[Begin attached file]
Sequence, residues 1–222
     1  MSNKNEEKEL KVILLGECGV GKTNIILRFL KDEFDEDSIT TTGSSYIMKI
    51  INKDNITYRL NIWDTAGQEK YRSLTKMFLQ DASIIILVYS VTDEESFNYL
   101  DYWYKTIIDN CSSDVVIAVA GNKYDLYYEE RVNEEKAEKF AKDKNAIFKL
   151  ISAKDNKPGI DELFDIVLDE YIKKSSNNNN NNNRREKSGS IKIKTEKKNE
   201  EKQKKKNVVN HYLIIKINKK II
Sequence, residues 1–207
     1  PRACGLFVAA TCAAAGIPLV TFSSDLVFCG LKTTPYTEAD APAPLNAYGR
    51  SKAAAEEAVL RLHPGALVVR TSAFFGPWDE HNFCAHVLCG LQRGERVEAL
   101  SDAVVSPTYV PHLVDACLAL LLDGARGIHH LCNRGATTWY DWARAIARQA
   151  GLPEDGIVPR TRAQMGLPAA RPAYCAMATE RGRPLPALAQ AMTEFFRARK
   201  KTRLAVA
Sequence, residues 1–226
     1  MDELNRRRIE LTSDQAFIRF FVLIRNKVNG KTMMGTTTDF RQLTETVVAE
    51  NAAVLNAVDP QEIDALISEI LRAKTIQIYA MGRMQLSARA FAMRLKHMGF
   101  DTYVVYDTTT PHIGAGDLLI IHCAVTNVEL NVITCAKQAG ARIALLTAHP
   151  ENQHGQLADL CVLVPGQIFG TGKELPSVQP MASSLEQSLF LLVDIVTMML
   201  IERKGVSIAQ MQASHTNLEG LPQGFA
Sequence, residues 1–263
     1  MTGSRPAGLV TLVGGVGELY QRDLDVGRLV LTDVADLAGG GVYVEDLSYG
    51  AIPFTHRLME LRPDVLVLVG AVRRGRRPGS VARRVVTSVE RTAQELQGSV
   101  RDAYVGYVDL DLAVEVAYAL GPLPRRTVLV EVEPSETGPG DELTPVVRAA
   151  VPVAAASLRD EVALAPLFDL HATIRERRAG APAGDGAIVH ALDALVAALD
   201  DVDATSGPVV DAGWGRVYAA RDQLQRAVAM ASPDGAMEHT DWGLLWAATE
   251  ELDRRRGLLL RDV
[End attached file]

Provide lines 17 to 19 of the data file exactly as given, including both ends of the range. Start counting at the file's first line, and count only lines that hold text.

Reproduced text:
   151  ENQHGQLADL CVLVPGQIFG TGKELPSVQP MASSLEQSLF LLVDIVTMML
   201  IERKGVSIAQ MQASHTNLEG LPQGFA
Sequence, residues 1–263